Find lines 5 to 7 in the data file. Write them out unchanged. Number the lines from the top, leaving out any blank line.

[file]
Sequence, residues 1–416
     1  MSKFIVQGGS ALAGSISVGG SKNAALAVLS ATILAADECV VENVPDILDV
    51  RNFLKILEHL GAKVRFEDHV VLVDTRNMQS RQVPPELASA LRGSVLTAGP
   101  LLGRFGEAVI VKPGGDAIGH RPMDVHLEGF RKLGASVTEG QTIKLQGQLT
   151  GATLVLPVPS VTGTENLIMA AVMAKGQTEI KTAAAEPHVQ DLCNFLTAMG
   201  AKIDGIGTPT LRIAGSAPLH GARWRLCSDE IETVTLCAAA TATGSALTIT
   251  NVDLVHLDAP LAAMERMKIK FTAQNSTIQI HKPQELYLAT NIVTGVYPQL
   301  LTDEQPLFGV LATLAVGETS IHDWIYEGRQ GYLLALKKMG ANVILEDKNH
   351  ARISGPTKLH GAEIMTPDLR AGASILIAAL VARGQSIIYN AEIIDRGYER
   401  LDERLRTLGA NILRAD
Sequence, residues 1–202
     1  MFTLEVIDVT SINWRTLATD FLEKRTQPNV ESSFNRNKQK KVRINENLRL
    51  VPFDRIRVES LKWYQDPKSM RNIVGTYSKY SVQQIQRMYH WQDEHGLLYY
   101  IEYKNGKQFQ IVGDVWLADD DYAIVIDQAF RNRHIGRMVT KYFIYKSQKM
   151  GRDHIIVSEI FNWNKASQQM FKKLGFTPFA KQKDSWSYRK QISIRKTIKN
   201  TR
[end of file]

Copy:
   151  GATLVLPVPS VTGTENLIMA AVMAKGQTEI KTAAAEPHVQ DLCNFLTAMG
   201  AKIDGIGTPT LRIAGSAPLH GARWRLCSDE IETVTLCAAA TATGSALTIT
   251  NVDLVHLDAP LAAMERMKIK FTAQNSTIQI HKPQELYLAT NIVTGVYPQL